Murder in Stalin’s paradise

-A +A


Movie review: Child 44
Director: Daniel Espinosa
Cast: Tom Hardy, Gary Oldman, Noomi Rapace, Joel Kinnaman
Rating: 3.5 out of 5
Length: 137 minutes
Opening: Now showing

It is the 1950s, and Stalin’s oppressive regime has created an atmosphere of fear and paranoia, and distrust looms beneath the surface of all his subjects’ thoughts and actions. MGB agent Leo Demidov (Tom Hardy) has risen through the ranks following his brave actions in combat during World War II, and lives an opulent lifestyle with his wife, Raisa (Noomi Rapace).

Blindly loyal to the communist regime, Leo spends his days flushing out and capturing supposed state traitors, some of whom appear to be completely innocent. After a particularly harrowing episode where one of his targets is harboured by farmers who are subsequently shot to death by a comrade, Vasili (Joel Kinnaman), Leo starts to question the morality of his actions.  

After Raisa is framed for being a state traitor working for the West, Leo is forced to come to terms with his sense of right and wrong. Being the ethical man that he is, Leo chooses to tell the truth about his wife’s innocence instead of blindly following orders to show his loyalty.

The couple is stripped of their riches and banished to live in a godforsaken outpost in the middle of nowhere with General Timur Nesterov (Gary Oldman) as Leo’s new commander. At the brink of losing his sanity, Leo starts piecing together evidence of a serial killer who is travelling around Russia, murdering young children wherever he turns up.

Although Child 44’s premise is that of a detective-style thriller, it is actually a huge melting pot of war scenes, political undertones, historical examinations of the Soviet Union’s oppressive regime and of the very human struggle between doing what is right and what is easy.

Hardy’s portrayal of Leo is exquisitely precise. No frames are wasted on meaningless expressions and actions — every nuance is etched perfectly upon his face, and the audience is completely convinced of the internal struggle that Leo faces in every scene. From the unravelling of his job to that of his marriage, we watch a war hero turned unquestioning government agent and finally into a man with convictions and powerful ethics; a man who is not afraid to stand up for what is right.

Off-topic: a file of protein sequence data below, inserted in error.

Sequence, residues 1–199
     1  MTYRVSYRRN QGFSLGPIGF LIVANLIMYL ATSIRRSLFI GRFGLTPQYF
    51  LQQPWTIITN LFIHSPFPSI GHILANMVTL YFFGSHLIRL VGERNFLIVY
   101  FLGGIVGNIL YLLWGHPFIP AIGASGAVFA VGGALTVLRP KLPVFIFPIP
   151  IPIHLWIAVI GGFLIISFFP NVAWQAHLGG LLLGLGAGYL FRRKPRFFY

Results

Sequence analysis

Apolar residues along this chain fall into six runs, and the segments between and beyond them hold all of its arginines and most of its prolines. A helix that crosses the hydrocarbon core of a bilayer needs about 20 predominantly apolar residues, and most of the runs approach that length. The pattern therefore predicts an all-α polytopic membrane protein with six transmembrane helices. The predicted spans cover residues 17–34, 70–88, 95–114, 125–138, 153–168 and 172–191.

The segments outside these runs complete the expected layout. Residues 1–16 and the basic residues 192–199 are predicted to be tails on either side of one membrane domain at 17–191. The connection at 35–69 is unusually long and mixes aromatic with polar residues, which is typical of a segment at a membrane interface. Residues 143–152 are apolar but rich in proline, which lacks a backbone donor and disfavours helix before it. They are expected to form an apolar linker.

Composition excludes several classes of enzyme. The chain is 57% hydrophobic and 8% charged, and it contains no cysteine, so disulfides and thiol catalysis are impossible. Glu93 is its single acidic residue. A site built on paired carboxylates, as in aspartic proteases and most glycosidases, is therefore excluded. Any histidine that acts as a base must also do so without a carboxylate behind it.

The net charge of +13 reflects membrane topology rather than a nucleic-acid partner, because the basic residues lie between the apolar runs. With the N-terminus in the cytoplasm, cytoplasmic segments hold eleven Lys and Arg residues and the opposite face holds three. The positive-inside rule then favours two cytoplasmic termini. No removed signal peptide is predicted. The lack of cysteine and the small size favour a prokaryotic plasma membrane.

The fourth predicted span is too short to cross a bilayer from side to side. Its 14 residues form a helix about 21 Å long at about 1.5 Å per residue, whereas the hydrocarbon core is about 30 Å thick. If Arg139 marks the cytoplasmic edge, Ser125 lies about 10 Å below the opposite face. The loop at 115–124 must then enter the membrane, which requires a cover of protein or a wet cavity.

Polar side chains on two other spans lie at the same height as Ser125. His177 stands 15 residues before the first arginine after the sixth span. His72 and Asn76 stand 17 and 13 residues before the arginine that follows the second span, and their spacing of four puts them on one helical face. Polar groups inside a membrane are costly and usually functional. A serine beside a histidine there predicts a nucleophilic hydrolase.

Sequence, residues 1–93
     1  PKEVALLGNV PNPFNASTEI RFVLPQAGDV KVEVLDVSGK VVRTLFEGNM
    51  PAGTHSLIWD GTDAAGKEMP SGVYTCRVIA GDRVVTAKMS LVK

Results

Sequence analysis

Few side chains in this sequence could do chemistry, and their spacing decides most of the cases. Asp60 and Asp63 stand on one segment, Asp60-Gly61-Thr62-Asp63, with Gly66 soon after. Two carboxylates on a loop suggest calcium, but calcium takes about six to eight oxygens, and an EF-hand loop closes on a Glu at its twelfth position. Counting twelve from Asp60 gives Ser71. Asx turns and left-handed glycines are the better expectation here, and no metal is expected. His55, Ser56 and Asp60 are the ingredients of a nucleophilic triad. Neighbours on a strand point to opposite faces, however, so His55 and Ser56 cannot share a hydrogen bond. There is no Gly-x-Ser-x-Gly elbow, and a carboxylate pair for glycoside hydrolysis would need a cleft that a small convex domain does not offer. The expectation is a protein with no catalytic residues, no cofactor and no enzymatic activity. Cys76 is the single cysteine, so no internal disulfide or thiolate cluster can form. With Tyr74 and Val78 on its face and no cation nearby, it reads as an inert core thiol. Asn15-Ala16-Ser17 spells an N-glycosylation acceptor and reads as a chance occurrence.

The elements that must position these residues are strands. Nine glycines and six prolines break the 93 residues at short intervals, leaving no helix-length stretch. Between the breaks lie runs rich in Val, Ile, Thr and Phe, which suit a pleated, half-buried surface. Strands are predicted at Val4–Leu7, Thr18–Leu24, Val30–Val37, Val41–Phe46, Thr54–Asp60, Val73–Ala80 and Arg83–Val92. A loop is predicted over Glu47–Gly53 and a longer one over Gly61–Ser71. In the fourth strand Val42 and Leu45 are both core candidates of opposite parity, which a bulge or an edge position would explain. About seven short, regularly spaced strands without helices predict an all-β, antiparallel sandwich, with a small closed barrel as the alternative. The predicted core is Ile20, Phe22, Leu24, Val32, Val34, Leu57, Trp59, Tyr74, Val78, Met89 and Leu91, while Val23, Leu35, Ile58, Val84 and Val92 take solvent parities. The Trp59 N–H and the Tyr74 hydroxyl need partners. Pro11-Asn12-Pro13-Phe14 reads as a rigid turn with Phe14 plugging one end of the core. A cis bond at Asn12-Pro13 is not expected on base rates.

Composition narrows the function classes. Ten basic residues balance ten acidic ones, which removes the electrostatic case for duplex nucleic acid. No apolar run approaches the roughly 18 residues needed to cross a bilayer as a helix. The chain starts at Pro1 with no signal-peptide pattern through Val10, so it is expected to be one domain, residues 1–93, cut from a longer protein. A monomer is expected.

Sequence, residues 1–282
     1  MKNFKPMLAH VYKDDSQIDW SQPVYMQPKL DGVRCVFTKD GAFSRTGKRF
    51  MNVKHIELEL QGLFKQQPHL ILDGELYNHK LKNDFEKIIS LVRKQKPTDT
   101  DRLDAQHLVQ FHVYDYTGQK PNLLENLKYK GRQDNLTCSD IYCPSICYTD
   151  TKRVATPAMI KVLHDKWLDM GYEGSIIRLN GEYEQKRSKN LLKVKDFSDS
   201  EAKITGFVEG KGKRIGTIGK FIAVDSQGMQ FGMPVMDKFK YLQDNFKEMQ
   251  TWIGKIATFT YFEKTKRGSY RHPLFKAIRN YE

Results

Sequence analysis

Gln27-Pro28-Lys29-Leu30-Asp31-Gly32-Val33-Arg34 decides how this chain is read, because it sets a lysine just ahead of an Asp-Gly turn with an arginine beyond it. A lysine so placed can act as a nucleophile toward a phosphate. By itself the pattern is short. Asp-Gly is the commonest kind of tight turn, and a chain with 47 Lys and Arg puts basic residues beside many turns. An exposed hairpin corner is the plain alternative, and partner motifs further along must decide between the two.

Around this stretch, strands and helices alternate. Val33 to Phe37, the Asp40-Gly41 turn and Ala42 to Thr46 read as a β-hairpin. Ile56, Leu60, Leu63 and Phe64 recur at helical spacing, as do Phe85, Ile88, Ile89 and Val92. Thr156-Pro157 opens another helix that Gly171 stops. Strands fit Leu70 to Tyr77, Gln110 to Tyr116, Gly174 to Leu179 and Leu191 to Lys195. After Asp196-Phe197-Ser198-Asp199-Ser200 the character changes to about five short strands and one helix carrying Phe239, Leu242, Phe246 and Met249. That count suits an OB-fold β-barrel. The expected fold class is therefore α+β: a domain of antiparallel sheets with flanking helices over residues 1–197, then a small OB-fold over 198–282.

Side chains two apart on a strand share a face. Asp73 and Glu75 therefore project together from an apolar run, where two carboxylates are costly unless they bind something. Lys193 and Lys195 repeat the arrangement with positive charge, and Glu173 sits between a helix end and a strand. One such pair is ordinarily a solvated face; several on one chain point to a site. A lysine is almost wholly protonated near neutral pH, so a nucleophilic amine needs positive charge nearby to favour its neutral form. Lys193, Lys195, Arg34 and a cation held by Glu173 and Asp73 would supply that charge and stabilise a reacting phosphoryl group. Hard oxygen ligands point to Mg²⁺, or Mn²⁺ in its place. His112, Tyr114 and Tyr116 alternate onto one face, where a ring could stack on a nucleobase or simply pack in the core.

Rapace is almost equally commendable as Raisa, the meek wife who seems to be harbouring some sort of secret that we don’t get to find out until more than halfway through the movie. Is she a spy? Is she really a traitor? She really comes to her own, though, far from the “damsel in distress” that we see in the beginning of the movie. Rapace gets to kick a lot of ass… literally. Something that we do not see much of in period films.

Throughout the movie, the murders seem to take a backseat to the other plots that are focused on, and rightly so, because Child 44 is more an examination of the human spirit and political atmosphere than it is a Sherlock Holmes-type story. If there was anything that could have made the movie better, is that there should have been fewer fight scenes as there were really too many of them which took up a significant amount of screen time; and more character development.

It would have been an excellent movie if the emotional undertones that briefly shine through in the acting of Hardy and Rapace were be expanded and explored more deeply. Instead, the viewer is left to guess at what the characters are feeling and thinking through gestures and unspoken words.

Even so, Child 44 is a worthwhile watch and captures Hardy at his best. His performance is what steals the show — it is what makes the movie so compelling. Humanity is made up of mostly sheep and a very minute number of those who have the conviction and strength stand up for the truth. In Leo Demidov, we are inspired to embrace being brave in the face of fear, and to always do what is right, not what is easy.


This article first appeared in The Edge Financial Daily, on April 17, 2015.